As the only Asian-American woman in one of her classes, junior Elizabeth Kim said she sometimes feels like the professor makes an effort to point her out when she doesn’t contribute answers.
“Sitting in that astronomy class, every day it felt like I was being harassed,” Kim said. “My ethnicity, which has no relevance to the course — it just made me feel really distracted, really angry throughout every since class. I couldn’t even pay attention to what we were even talking about.”
The model minority myth — the idea that Asian-Americans are more academically, economically and socially successful than any other racial minority group — affects the Asian-American Pacific Islander community more than people think, Kim said.
“Because of things like the model minority narrative and the mental health stigma throughout the community, Asian-Americans are not seeking the services that they need or are not even aware that there are any resources out there for them,” said Kim, a government and politics major.
To help support the University of Maryland’s AAPI community, which currently includes 5,358 undergraduate and graduate students, the Asian American Student Union created the Asian American Pacific Islander Involvement and Advocacy coordinator position in 2002. It followed a similar 1997 effort when the organization established a graduate coordinator for AAPI students on the campus, said Kristina Mascarenas, the newest coordinator.
“This position is so crucial and so important because I would not be here if it were not for student organizers, activists and interested and engaged students,” said Mascarenas, who assumed the position last month as a full-time staff member.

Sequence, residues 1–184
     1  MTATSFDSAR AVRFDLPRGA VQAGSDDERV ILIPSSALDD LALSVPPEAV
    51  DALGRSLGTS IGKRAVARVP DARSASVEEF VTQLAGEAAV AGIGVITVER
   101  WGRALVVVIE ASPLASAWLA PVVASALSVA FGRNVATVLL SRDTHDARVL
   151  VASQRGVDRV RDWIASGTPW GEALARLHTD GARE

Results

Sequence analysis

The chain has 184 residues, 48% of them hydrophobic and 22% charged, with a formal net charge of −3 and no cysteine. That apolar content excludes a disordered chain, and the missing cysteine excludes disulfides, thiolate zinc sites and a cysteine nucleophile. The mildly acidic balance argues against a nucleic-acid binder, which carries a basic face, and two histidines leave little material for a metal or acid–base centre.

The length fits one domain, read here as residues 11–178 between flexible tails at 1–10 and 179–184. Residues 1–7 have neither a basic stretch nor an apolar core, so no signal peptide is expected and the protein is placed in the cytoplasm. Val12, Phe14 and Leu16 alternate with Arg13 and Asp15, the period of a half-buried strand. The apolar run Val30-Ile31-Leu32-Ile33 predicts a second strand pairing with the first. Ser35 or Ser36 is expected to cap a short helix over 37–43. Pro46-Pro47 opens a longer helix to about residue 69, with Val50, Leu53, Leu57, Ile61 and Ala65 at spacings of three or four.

Kim said she feels that AAPI students are often hesitant to reach out for help in their classes and are not given proper guidance from teachers in terms of academic resources because of “the misconception that we’re really smart and overachieving.”
“It’s the way that professors treat Asian-American students,” she said. “I think there really is a difference in the way that professors see a group of students as more capable of achieving success … they are going to treat those students differently and are going to give them a different sort of guidance compared to other students.”
Junior Amanpreet Kaur said she could not imagine how she would have been able to attend school here if she had not found out about the coordinator position.
“As a sophomore during my first semester, I felt very disengaged and unsure about what I wanted to do with my time here,” said Kaur, a public policy major. “During this time, I was taking a class where [Mascarenas] was one of the co-instructors. She encouraged me to continue on with my schoolwork while guiding me into getting more involved in extra-curricular activities on campus. She, as well as the other instructor, offered me an internship in the MICA office which has led to several semesters of involvement in the AAPI community.”
Feeling overwhelmed this academic year with responsibilities such as being the Asian American Student Union president, Kaur said Mascarenas has provided assistance to help her make it through the semester.
“[Mascarenas] spent several hours sitting down and helping me plan out board meeting agendas, and also led a board retreat for the members to learn about important skills such as event planning, facilitating conversations, et cetera,” she said.